Angry Meditation in the Interrogative Mood


Why isn’t it obvious to anyone with an Intelligent Quotient above a parakeet’s that the Los Angeles of Crash is a microcosm—a supremely appropriate setting to reflect on conditions, attitudes, behaviors, that stretch across the country, across the Atlantic to Europe and circle the globe—circle it ten times over in every-which direction?

Do all those who complain that the movie makes Los Angeles look like “a cauldron of racism,” or a “boiling hotbed of racism” or a molten, burbling, teapot of…etc., really believe the makers of Crash set out to represent this city as one itchy little trouble spot spoiling the otherwise pristine calm and serenity of Earth?

Did the people of 19th-century London rise up against Dickens—Oh no! Now everyone will think our noble city is overrun with homeless orphans and child pickpockets!

Did Mario Puzo infuriate New Yorkers—We’re nice people here.  Everyone is not in the Mafia!

Do these people, whom I’ve never met, but whose opinions grate on me, ever read the papers? Even half hour TV news carries some information from around and about—tribal, ethnic, cultural, racial divisions, varieties of divisions, some centuries old, some that just surfaced last week, and new ones in the making.  Do these Crash-detractors ever watch the news?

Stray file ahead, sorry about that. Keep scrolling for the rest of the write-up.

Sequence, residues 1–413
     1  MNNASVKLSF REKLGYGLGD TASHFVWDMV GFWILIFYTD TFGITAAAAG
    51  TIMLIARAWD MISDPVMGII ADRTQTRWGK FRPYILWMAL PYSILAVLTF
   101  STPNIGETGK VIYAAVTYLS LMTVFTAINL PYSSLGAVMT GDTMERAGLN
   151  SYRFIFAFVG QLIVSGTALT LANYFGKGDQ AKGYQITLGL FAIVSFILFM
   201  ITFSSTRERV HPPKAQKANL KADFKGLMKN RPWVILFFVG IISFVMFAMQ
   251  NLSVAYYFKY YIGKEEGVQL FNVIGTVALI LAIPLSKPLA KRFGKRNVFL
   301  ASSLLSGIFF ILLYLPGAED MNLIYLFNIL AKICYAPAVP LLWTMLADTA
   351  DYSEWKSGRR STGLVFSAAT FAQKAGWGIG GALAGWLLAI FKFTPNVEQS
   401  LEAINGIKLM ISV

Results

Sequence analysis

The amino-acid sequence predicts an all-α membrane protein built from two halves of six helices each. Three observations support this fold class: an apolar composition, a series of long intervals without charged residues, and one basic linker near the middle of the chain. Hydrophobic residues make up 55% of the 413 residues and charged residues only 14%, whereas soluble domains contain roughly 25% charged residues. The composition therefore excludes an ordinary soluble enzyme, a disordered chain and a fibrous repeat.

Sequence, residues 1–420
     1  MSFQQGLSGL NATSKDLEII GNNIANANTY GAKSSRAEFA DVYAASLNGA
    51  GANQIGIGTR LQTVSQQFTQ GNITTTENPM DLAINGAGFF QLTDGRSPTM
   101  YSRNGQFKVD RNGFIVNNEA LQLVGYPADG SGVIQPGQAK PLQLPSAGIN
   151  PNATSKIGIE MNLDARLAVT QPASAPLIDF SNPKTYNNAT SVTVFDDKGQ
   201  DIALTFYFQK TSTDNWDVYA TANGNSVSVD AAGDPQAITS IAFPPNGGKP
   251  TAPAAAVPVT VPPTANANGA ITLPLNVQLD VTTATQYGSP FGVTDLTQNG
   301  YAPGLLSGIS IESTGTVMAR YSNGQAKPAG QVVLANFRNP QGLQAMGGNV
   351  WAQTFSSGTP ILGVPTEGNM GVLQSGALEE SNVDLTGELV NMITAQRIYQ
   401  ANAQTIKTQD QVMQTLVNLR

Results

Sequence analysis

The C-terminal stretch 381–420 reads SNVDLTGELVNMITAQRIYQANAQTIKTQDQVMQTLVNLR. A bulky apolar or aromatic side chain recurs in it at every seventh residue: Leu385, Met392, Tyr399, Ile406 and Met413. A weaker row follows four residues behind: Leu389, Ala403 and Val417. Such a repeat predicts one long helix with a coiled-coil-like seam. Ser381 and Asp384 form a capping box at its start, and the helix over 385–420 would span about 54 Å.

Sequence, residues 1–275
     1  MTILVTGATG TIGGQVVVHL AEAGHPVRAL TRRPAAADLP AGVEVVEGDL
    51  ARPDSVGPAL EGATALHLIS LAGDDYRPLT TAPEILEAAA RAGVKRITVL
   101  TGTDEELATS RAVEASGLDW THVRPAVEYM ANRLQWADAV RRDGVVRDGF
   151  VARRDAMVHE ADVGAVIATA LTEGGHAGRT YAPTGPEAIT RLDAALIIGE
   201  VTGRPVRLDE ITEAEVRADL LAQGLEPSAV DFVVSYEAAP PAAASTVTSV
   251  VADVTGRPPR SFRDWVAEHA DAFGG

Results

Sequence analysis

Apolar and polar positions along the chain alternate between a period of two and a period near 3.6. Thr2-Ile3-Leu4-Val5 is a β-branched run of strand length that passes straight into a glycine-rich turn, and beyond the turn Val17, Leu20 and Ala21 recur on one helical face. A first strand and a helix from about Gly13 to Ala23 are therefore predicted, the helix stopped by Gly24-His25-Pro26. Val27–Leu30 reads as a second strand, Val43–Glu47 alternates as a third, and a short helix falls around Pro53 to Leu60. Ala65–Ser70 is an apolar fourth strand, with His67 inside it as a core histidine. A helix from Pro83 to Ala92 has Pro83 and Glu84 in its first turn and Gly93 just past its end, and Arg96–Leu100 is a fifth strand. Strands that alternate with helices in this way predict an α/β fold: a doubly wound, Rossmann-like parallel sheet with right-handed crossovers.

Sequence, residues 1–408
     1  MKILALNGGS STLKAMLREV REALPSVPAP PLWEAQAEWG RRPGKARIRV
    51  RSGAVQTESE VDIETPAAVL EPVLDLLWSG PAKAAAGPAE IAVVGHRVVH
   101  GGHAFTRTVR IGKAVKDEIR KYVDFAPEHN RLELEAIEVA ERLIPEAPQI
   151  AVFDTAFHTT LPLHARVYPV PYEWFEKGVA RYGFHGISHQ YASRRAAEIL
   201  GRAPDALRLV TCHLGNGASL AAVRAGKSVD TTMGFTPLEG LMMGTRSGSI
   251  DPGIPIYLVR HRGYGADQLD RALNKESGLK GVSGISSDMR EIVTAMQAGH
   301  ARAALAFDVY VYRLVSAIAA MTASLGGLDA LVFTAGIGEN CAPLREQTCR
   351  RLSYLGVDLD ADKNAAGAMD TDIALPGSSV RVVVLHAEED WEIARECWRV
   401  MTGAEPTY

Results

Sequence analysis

Those who say "It’s a lie. It’s not like that at all" mean it’s not what they see when they look around. Crash is a movie. It’s selective. It has focus, design, purpose. Do those people notice any witty and well-shaped romantic comedies taking place nearby?  Do they observe any thrillers when they look around?

Since when did certain people come to expect a movie, or any art form, to unfold its vision of a city, or a region, or the whole human world, in a manner that pleases the local Tourist Bureau? 

How dumb is that?  I mean, really.  How dumb is that?

Sudden Conversation

So I was talking to my friend saying, I’ve gone here and there looking at commentary, and one remark—it dismissed as a trite stereotype Sandra Bullock’s character, whom I found moving and true and part of a really daring conversation about violence, the aftermath of violence—this guy was an idiot—and I got so mad I had to lie down for a couple minutes.  Because he gave me a headache.  There’s a lot of anger about this movie, even more since it won Best Picture and now I’m mad too—because the world’s just swarming with two-bit, smalltime opinionators who don’t know what the fuck they’re talking about but won’t shut up.  And my friend said, “Exactly. That anger—That’s what the movie’s about.  That’s why it’s so great.  That’s why it’s called Crash.”

Suzanne Lummis is Editor of Speechless.

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Speechless Spring 2007
Copyright © 2007 Published by
Tebot Bach